In mid-October, a man – soon to be known as “Clipboard Guy” – was seen alongside four other health officers in hazmat suits, wheeling an Ebola patient for transfer from Dallas to Atlanta. He was wearing no protective gear, carrying a clipboard, and helping the HAZMAT-suited individuals with the patient. It caused an uproar on sites like Twitter, with people wondering why safety protocols seemed to be breached, why the virus was being taken lightly, and whether or not the man was infected and now a risk to society. As can be seen in this incident, mass hysteria is easily spurred by the media. As such, a lot of speculation about the Ebola virus has been based in ignorance and the human tendency to sensationalize.

Dr. Anthony Fauci, the head of the National Institute of Allergy and Infectious Diseases, was asked to explain the audacity of the man in a CNN interview. Continue reading

Quarantines in Newark and Princeton

Recently, there have been concerns that Ebola, the deadly virus that erupted in West Africa causing hemorrhagic fever, has made its way to Newark, New York, and Princeton. One such story is that of Ebola nurse Kaci Hickox who has been placed in quarantine for 21 days at the University Hospital in Newark, New Jersey because she helped to treat Ebola patients in Sierra Leone. However, she has been tested and has not contracted the disease. Still, New Jersey governor Chris Christie and New York Governor Andrew Cuomo require that anyone has who worked with or come into contact with Ebola patients must be quarantined, no matter how healthy they may appear.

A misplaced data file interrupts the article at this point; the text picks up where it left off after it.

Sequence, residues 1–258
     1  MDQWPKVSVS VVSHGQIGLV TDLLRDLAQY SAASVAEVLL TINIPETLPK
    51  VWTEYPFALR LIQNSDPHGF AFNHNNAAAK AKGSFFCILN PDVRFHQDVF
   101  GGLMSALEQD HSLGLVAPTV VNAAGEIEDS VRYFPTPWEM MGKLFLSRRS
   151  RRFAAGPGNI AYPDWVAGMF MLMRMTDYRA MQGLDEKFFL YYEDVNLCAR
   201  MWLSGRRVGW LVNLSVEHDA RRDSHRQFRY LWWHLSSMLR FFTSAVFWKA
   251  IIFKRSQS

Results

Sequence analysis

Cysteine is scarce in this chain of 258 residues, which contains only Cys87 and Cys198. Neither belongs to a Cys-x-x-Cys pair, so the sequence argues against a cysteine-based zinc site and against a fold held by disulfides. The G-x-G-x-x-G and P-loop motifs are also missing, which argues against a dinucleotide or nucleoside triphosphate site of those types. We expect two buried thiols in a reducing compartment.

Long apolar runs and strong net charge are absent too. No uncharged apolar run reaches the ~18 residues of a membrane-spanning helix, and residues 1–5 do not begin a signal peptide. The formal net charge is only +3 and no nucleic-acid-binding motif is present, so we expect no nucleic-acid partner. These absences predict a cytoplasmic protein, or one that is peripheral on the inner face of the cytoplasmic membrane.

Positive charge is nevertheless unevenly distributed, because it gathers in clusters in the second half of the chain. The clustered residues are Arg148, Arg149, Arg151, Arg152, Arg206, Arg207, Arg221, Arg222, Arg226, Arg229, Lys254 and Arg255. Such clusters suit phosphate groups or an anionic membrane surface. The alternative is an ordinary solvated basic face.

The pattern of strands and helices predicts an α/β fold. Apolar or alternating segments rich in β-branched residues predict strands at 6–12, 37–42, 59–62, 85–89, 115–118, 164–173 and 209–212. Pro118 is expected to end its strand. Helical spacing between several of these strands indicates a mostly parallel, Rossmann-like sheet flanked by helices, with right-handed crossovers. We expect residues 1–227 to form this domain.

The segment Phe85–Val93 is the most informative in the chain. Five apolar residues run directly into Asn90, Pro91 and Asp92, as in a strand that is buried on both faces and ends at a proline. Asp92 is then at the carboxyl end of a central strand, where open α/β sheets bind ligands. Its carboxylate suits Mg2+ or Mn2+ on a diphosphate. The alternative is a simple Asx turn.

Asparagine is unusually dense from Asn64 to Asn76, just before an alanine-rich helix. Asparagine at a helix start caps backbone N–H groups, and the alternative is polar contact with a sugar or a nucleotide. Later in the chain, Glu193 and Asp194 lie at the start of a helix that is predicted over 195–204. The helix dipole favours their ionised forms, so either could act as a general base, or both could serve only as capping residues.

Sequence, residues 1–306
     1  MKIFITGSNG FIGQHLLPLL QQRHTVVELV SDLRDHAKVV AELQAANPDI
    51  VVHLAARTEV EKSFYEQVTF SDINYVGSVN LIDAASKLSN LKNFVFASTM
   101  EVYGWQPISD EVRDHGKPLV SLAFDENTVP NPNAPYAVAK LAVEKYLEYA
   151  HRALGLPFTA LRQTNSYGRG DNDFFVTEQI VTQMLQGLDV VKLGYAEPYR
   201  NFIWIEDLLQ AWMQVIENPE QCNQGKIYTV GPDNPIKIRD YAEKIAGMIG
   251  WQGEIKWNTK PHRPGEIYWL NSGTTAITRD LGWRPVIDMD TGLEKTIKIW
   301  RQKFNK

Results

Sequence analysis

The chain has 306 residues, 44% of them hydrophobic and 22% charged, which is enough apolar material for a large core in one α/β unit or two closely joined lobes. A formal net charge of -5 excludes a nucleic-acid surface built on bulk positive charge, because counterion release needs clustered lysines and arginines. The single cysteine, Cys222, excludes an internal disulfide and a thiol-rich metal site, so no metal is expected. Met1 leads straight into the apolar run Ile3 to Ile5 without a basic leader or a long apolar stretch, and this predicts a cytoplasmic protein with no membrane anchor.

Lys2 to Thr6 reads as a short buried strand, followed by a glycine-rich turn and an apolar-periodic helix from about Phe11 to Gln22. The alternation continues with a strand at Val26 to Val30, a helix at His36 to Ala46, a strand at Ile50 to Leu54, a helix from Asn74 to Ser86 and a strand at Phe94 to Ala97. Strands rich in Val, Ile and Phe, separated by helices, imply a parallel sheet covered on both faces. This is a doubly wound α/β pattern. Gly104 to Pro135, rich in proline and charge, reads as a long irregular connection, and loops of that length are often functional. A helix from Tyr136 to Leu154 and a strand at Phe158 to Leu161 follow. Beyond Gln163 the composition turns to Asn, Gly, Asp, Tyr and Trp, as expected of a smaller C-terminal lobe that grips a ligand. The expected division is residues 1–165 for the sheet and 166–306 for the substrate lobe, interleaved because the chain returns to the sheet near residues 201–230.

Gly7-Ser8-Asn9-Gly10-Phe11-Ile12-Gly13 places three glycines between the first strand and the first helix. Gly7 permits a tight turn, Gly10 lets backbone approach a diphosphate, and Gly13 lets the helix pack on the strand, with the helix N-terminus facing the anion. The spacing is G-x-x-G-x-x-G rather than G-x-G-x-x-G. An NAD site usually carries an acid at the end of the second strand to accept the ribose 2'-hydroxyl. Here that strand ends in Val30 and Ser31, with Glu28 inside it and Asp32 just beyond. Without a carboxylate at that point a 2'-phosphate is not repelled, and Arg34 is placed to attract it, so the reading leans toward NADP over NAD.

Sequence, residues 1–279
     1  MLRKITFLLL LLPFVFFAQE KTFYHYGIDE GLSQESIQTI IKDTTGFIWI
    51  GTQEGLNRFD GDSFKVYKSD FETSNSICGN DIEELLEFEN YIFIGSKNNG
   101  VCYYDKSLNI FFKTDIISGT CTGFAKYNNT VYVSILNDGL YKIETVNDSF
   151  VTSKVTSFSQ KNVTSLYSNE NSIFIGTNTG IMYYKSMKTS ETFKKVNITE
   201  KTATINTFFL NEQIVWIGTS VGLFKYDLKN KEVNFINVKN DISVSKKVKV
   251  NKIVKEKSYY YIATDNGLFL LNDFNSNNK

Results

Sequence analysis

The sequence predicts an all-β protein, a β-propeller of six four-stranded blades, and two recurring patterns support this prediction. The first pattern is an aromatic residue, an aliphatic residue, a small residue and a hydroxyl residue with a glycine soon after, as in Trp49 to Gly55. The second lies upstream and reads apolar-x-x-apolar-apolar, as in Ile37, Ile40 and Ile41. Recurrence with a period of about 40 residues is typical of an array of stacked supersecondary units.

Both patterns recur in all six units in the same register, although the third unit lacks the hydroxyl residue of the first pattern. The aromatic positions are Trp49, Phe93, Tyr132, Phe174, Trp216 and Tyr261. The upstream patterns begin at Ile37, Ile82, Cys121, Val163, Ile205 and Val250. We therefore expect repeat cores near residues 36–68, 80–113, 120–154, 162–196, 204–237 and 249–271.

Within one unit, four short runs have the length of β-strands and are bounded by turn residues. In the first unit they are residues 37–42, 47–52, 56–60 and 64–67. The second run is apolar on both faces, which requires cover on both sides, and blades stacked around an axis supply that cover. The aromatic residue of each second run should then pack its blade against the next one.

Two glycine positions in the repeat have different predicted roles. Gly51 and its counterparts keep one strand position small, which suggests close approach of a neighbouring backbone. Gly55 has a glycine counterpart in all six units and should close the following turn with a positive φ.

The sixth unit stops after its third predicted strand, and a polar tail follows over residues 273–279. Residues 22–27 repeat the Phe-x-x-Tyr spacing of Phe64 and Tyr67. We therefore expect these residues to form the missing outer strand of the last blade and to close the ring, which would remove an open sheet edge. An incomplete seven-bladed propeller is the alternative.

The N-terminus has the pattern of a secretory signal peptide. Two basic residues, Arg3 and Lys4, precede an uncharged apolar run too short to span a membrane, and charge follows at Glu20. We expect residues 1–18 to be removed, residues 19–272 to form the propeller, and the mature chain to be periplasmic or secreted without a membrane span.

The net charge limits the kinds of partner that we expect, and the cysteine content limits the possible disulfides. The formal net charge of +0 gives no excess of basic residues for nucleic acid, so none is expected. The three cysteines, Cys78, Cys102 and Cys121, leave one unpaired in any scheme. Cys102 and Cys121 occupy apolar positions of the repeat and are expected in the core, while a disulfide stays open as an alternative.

This policy came into being after a recent New York City doctor was diagnosed with Ebola on October 23. Continue reading

Uncertainty of Ebola Concerns Princeton Citizens, Prompts Policies

The Ebola outbreak has resulted in global panic, making citizens question the safety of everything from public transportation to crowded events. Recent developments have brought the crisis directly to Princeton.

On October 1st, NBC cameraman Alexander Mukpo contracted Ebola while cleaning a car that had transported dead Ebola victims in Liberia. Continue reading

Editorial: Ebola

The American public, along with state and federal government officials, had sufficient cause to be frightened when the first case of Ebola knocked at its doorsteps. Amidst the panic and frenzy in response to the Ebola outbreak, a controversial quarantine was issued against 33-year-old nurse Kaci Hickox, who had served Ebola patients in West Africa before being held under a 21-day quarantine after her arrival in Newark.

The Princeton Public Health Review’s editorial board believes that while the principle behind issuing a mandatory quarantine against nurse Kaci Hickox was a valid one, the haphazard manner in which the Model State Emergency Health Powers Act was carried out suggests the need for enforcement to be improved and better amended to deal with the health risk at hand. Continue reading

Valley Fever: The Mysterious Fungus Infecting the Southwest without a Vaccine or Cure

Valley Fever or Coccidioidomycosis, also known as cocci, is a fungal disease endemic to the soils of the Southwest. Around 60% of those exposed never have symptoms. The majority of the other 40% have flu-like symptoms. About 5 to 10% of those exposed develop serious and long-term problems with their lungs. In about 1% of those exposed, the fungus spreads throughout the entire body, infecting areas such as the brain and bones (1).

Although the first diagnosis was in 1892, Valley Fever continues to infect people without a vaccine or cure. Continue reading